Girl Groups and Gender Gaps: The Globalization of Gender Stereotypes Through K-Pop

During her inaugural speech in 2013, South Korea’s former President Park Geun Hye remarked that “In the 21st century, culture is power”. True to her words, South Korea’s K-pop industry has gained global prominence over the past decade, even making its presence known in the sphere of international diplomacy. From sending the popular girl group Red Velvet to perform for North Korean dictator Kim Jong Un to gifting a signed K-Pop album to the daughter of the Indonesian president, South Korea has actively utilized the far-reaching influence of its pop stars as a tool to facilitate good-will diplomacy.

However, with their dazzling performances and chart-topping hits, the global impact of these pop stars is not limited to the realm of international relations. As cultural ambassadors for South Korea, K-Pop idols act as the first point of contact for millions of fans around the world who are interested in Korean culture. On one hand, this means that K-Pop fans from different socio-cultural backgrounds are familiarized with the Korean way of life, paving the way for more cross-cultural understanding among the world’s future generations. On the other hand, the spread of K-Pop beyond the borders of South Korea means that a lot of the country’s less-than-stellar aspects are also exported to all corners of the planet.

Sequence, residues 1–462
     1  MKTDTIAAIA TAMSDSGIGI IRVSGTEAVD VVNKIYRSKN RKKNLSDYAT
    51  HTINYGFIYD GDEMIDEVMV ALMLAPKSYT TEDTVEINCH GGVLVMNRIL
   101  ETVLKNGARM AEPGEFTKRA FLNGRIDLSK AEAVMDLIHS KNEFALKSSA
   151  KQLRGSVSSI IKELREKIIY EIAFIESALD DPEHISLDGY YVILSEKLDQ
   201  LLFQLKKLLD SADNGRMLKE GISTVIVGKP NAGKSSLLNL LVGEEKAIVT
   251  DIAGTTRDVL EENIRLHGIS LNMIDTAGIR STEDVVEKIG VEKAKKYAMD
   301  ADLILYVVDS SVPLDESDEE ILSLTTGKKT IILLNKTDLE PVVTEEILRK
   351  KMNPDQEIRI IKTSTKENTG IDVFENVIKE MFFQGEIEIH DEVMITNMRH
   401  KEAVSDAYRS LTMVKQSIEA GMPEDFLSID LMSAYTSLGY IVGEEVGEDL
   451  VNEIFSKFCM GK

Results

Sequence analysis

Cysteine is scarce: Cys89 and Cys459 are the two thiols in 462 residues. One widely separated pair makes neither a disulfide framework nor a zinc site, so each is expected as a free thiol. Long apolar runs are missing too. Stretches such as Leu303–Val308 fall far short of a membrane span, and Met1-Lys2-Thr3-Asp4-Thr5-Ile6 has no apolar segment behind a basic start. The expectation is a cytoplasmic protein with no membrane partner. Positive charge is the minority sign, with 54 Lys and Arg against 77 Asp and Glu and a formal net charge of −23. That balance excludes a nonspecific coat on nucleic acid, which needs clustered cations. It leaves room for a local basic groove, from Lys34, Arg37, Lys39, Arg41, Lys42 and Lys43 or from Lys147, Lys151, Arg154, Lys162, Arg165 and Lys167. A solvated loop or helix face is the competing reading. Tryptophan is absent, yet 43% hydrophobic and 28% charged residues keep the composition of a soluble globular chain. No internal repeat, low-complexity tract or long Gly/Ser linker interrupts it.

Gender Inequality in South Korea

South Korea has consistently been ranked among the worst nations in the world for gender equality in studies such as the World Economic Forum’s Global Gender Gap Report and The Economist’s Glass Ceiling Index. From widespread workplace discrimination to poor political representation, the patriarchal nature of South Korean society has marginalized Korean women on its path towards economic prosperity.

Many of the struggles faced by Korean women today can be traced back to the Neo-Confucian ideas about gender roles and sexuality that heavily influence gender perceptions in the country. The Confucian principles of ‘Three Obediences and Four Virtues’ dictate that women must remain subservient to the men in their lives and practice the “feminine arts” of chastity and modesty. At the same time, Confucianism considers the male libido to be acceptable, further justifying their domination of women. Combining this ideology with the prevalence of a powerful prostitution industry spells disaster for the state of gender perceptions in the country. It creates a culture that believes an ideal woman to be one who is innocent, chaste and soft-spoken while simultaneously fetishizing them as sexual objects.

Another gender bias that has its roots in Confucianism is Korea’s obsession with women’s appearances. Both in the workplace and in their own households, women are judged by the extent to which they conform to the extremely high standards of beauty in Korean society, and not by objective measures of their competence. This culture of “lookism” in South Korea has become so normalized that parents often give their children plastic surgeries as graduation gifts since they believe that it could provide them with an advantage when applying for jobs in the future.

Gender Inequality in K-Pop

As in every other nation, the media produced in South Korea reflects the stereotypes that are prevalent in its society. And as the most popular form of media under the Hallyu wave, K-Pop has become the flag-bearer for the country’s most regressive gender perceptions.